Interestingly, if two non-baptized people marry, the marriage is valid, but not sacramental. If one party is baptized some time later, it is still valid but not sacramental. But if the other party is baptized, the marriage thereby becomes sacramental, because a valid marriage cannot exist between two baptized people without being sacramental. This is what happened in my marriage. I was baptized a year after my marriage, but my husband was not baptized until over 30 years later.

    Susan Peterson

  14. Tim Ferguson says:

    I know of a Catholic gentleman, now deceased, and very beloved to me, who did not have a wedding ring. It had started to be a custom in this country when he got married that both the bride and groom would have a ring. He fretted about the issue, since the cost would be difficult for him at that time.

    He talked with his father, a not-so-good Catholic at the time, who told him, “Son, I know some men that get married and wear a ring, and when they’re doing things they shouldn’t be doing (I believe he used more colorful language in that spot), they take off their ring, and think that makes it all okay. Wear a ring, or don’t wear a ring, it doesn’t matter. What matters is the ring that goes around your heart when you say ‘I do’ to that lovely young gal of yours. That you can’t take off until death, and don’t you ever pretend you can.”

    That man and his wife were married for nearly fifty-five years until his death.

    P.S. His father came back to the sacraments and died after confessing and receiving Last Rites.

  15. o.h. says:

    You are talking about a mixed marriage, not a disparity of cult marriage. Buffaloknit had said that in a D of C marriage, such as mine, the baptized party would be sacramentally married. This is not the case. A marriage is either sacramental, or not; it cannot be half sacramental.

  16. buffaloknit says:

    Hello O.H.-Opinated homeschooler!

    Yes, the idea of a “half-sacrament” or “real vs non-real” marriages is a bad idea and a slippery slope. One doesn’t somehow receive “more Jesus” when receiving under both kinds, etc. I brought up the issue of ‘is this a sacrament or not’ because I think a lot of folks are unclear about this. The issue of ‘validity’ is what the person asked Fr. Z. about. A natural or non-sacramental marriage, or “disparity of cult” marriage, can still be valid, and similarly, a sacramental-marriage can happen outside of Mass.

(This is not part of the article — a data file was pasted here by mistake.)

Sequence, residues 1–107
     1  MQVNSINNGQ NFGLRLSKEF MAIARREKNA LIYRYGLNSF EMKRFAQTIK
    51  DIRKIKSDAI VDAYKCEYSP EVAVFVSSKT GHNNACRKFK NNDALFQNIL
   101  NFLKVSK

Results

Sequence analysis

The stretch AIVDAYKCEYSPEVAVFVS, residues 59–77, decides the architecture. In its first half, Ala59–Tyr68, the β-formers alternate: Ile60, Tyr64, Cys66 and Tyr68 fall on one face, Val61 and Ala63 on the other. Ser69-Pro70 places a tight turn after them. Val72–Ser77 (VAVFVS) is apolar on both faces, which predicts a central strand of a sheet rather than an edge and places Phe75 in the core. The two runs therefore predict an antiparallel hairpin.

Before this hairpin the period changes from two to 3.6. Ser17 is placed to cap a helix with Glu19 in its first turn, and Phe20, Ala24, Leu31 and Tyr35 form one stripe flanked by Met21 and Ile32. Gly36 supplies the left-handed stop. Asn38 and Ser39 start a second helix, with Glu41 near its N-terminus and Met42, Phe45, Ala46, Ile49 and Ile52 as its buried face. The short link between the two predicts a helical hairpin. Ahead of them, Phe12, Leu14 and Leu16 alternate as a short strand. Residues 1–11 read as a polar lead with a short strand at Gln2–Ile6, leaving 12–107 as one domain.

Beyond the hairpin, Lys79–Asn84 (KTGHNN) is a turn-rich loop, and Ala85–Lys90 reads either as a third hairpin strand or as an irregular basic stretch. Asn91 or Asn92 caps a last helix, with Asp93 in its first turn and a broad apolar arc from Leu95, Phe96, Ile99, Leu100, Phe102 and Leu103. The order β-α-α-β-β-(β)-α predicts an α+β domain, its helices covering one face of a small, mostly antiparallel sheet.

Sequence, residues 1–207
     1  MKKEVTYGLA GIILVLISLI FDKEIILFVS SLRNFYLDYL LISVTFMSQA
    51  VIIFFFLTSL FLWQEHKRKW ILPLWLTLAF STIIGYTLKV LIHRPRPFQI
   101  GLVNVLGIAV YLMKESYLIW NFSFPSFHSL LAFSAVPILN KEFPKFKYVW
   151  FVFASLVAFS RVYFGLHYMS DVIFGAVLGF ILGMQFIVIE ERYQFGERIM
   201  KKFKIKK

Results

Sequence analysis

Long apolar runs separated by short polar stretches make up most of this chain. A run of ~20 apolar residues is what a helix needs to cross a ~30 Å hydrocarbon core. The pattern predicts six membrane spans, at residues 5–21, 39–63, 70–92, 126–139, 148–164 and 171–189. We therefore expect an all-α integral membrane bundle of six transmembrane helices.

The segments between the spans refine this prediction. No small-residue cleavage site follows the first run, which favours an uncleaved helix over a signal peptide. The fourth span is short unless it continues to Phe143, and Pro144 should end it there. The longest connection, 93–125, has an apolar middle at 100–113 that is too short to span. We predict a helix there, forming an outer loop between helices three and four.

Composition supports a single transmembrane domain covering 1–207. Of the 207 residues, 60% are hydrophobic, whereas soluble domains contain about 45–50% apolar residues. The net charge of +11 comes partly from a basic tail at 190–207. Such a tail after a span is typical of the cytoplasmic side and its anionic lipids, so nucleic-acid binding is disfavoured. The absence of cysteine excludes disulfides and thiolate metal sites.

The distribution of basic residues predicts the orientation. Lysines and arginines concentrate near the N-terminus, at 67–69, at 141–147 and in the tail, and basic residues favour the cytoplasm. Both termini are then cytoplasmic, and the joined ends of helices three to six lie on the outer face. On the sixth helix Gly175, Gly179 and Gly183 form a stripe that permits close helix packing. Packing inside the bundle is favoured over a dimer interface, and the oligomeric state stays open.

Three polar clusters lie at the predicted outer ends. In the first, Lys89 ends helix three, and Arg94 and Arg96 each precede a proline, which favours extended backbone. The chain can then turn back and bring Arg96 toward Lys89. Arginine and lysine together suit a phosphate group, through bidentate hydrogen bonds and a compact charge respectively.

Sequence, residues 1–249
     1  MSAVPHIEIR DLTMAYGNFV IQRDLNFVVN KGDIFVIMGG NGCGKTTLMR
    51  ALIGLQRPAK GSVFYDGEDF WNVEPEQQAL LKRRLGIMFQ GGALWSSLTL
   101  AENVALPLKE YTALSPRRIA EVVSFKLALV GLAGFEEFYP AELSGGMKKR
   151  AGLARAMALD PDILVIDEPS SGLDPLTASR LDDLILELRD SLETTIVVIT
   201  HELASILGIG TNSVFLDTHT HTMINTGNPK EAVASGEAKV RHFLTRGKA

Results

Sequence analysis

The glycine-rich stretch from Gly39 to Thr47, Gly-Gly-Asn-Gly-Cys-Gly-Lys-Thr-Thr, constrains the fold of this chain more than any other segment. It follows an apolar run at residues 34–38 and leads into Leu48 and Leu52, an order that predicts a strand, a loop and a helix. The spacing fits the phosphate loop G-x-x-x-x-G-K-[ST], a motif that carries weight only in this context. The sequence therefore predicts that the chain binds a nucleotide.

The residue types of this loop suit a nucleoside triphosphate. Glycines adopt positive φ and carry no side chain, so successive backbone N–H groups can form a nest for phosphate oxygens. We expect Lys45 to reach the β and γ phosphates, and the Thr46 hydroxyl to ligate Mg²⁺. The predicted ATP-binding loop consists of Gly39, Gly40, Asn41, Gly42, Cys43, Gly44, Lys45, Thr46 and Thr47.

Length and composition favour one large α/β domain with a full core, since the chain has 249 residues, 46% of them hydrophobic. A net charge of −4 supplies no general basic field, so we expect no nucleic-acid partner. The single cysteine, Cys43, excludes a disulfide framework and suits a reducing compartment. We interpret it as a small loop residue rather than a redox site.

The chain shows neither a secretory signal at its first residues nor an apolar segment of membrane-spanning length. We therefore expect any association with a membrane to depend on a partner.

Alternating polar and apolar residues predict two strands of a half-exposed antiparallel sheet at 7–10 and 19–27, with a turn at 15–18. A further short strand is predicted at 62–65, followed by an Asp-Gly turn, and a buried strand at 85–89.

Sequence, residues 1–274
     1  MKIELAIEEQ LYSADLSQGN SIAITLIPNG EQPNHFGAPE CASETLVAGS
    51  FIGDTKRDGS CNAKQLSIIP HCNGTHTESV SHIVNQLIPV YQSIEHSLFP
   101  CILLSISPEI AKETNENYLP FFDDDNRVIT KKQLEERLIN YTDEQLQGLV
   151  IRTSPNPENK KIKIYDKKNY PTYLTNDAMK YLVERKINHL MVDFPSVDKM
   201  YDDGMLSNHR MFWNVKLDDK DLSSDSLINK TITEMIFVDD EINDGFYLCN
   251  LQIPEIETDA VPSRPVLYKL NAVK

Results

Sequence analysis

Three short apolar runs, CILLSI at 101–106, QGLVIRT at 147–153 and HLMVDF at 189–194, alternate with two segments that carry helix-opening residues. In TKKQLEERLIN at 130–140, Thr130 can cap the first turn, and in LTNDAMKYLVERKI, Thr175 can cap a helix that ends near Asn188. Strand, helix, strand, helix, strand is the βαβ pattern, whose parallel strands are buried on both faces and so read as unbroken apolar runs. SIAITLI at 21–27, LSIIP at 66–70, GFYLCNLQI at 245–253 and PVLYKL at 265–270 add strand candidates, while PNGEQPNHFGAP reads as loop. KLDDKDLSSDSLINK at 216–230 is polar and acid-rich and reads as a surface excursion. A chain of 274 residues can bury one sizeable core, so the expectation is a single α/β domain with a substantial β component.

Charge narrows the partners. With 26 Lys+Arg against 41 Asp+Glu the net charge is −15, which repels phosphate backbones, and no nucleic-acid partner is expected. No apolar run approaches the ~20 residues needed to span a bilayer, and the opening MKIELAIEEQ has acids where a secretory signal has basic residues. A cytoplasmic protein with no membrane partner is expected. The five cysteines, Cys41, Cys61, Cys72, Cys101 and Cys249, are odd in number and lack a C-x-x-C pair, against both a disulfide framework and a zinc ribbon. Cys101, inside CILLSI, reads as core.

It makes sense that both parties need to be baptized-folks for sacramental grace, however, I don’t totally follow what the Catholic Encyclopedia is saying. And, honestly, I have not been able to find a clear-cut answer to the disparity-of cult question in the Catechism or elsewhere and would appreciate whatever insight you may have!

    From the Catholic Encyclopedia,
    “The primary reason why Catholics are debarred from intermarriage with unbaptized persons is because the latter are not capable of receiving the Sacrament of Matrimony, as baptism is the door to all the other sacraments. Furthermore, according to the more probable opinion, the Catholic party who, with a dispensation, marries an unbaptized person, does not receive the sacrament or the concomitant graces (cf. Sanchez, Bk. II, disp. viii, n. 2; Pirhing, Bk. IV, tit. i, n. 71; Schmalzgrüber, Bk. IV, tit. i, n. 307; Billot, “De Ecclesiæ Sacramentis”, pars posterior, 359 sqq.; Hurter, III, 538, n. 598; and Wernz, who examines the reasons for the opposite opinion and answers them, “Jus Decret.”, IV, 63 sqq.). The Church has not decided this question; hence the opinion of Dominicus de Soto (In IV Sent., art. iii, ad finem), Perrone (II, 306), Rosset, who holds that it is the more probable (De Sacr. Matrimonii, I, 284 sqq.), and Tanquerey (Synopsis Theol. Dogmat., II, 648, n. 31), to wit, that the Catholic does receive the sacrament, is tenable. The marriage, according to both opinions, is certainly sacred (Leo XIII, “Arcanum”, 10 Feb., 1880) and indissoluble.

  17. o.h. says:

    Interesting! I was under the impression that the issue was settled. Certainly the priest who married us believed it was. I was also under the impression that it was dissoluble, under the circumstances where the unbaptized party, after separation, wished to convert and marry a Catholic.

    So how do you know the initials don’t stand for Old Hag? ;-)

  18. Bender says:

    if two non-baptized people marry, the marriage is valid, but not sacramental

    It might be true that, as a technical matter, the marriage is not “sacramental,” but that does not mean that it is impossible for the couple to receive the graces that come with the sacrament. God can convey His graces upon anyone He wants, even non-baptized persons.

    Suppose you had a teenaged girl, a non-baptized Jew, and she became betrothed and later married to an older non-baptized Jewish man, who just so happens to be in the carpentry business. Would there be in this marriage an “outward visible sign,” instituted by Jesus, of the conveyance of (invisible) grace? No. Of course not. The teenaged girl hasn’t even given birth to Jesus yet, He was still in her womb when their betrothal became a marriage. But is there any doubt in anyone’s mind that God gave to this nice Jewish girl and nice Jewish boy the wedding present of a whole host of graces creating an indissoluble bond?